- Chats: “messages from Sam”
- Images: “photos from messages”, “screenshots i took today”
- Documents: “documents from last week”, “spreadsheets from december”
- Music and Videos: “songs from last month”, “videos from 2017”
- Weather Details: “weather in mumbai”, “show me the weather in sydney”
As the Top Hits results seem hit and miss, it’s best to look under the appropriate category for the closest matches to your search queries. Of course, you won’t see certain categories if you have disabled them in your Mac’s settings. If you want to re-display them, you’ll have to enable them from System Preferences > Spotlight > Search Results.
Be prepared to see slow or inaccurate results at times. Often, this has more to do with the Spotlight mechanism itself than with the incorrect use of natural language.
4. Search in Mac Apps
You can search for data within apps such as Finder and Mail using the same natural language commands you use with Spotlight. There’s a catch though: you won’t see the results directly. Instead you’ll see search filters for your query in a dropdown menu and you’ll have to select them one by one to narrow down the results.
Let’s say I want to search for emails from Tim. I can type “emails from Tim” in Spotlight to find them. If I search for “emails from Tim in 2016”, Spotlight updates the results to match.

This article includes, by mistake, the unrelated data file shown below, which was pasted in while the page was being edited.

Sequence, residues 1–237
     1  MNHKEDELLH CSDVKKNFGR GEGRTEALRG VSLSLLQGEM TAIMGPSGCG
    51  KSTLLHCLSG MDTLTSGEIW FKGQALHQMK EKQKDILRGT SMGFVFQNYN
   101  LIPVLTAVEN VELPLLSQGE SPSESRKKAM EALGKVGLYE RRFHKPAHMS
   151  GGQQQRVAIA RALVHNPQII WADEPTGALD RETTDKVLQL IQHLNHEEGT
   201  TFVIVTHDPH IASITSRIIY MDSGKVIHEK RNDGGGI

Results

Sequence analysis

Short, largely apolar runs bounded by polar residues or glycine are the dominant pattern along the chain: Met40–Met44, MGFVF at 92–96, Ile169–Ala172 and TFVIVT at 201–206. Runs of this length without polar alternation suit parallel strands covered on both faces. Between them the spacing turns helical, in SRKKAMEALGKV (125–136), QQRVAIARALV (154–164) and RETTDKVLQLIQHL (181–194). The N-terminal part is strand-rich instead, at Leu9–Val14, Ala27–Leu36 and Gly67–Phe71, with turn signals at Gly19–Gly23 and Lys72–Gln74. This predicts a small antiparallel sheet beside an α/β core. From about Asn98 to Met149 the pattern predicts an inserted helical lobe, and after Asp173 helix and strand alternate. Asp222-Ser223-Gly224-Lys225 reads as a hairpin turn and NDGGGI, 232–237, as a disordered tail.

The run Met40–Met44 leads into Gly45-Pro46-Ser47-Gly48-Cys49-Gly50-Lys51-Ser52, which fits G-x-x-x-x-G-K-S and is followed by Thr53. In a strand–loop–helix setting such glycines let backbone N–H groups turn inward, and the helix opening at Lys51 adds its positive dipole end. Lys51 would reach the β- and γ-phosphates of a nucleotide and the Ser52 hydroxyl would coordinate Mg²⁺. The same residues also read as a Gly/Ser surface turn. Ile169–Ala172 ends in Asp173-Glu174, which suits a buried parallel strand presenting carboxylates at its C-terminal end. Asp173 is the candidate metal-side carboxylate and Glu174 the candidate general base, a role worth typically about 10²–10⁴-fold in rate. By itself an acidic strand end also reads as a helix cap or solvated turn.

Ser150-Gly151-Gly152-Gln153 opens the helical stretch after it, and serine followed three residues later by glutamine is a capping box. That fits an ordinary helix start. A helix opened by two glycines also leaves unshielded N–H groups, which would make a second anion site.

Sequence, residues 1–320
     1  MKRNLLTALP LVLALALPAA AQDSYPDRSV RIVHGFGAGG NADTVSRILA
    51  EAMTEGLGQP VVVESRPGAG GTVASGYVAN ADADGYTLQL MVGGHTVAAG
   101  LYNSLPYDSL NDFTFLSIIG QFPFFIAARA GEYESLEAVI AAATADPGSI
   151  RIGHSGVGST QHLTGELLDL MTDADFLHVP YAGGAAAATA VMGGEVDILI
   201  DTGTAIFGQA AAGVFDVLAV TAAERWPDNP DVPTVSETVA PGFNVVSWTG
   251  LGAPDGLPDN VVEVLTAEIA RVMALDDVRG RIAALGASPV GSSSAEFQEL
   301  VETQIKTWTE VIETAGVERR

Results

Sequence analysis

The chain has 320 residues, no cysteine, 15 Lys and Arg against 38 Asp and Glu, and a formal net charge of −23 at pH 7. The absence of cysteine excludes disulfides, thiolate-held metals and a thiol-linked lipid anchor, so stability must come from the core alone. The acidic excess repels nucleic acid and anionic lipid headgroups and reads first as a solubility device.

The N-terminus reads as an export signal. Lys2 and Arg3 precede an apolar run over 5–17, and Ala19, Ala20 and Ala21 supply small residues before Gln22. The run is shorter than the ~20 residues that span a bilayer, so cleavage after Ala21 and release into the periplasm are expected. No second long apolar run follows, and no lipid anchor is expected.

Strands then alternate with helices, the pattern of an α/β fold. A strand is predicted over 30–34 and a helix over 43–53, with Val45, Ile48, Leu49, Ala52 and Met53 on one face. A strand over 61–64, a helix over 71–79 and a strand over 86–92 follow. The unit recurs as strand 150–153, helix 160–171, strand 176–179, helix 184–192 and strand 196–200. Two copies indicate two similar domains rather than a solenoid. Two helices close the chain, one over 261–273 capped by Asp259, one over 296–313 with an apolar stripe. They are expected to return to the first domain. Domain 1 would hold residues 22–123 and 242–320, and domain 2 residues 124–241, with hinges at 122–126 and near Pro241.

Now let me try the same queries in the Mail app. As soon as I type in “emails from Tim”, Mail gives me a People filter to pinpoint the person whose emails I’m referring to.
After I select Tim’s name and hit Enter, Mail displays the right results. Now I can extend the query further by typing “in 2016”. Mail then allows me to pick the year 2016 from the Date filter. Again, as soon as I hit Enter, it displays the right results (i.e. emails from Tim in 2016).
Likewise, if I search for “documents from last week” in Spotlight, I get the correct matches right away. If I search for the same thing in Finder, I have to first select the Last Week option listed under the Dates attribute before I can see the relevant results.
As you can see, using Spotlight is faster, but don’t dismiss in-app search as the lesser method. It often turns out to be more precise and more accurate than Spotlight search.
5. Ask Siri
Anything you search with Spotlight, you can search with Siri, the intelligent voice assistant who lives on your Mac. You can also dictate text to Siri or ask her to play music, do math, or open websites for you.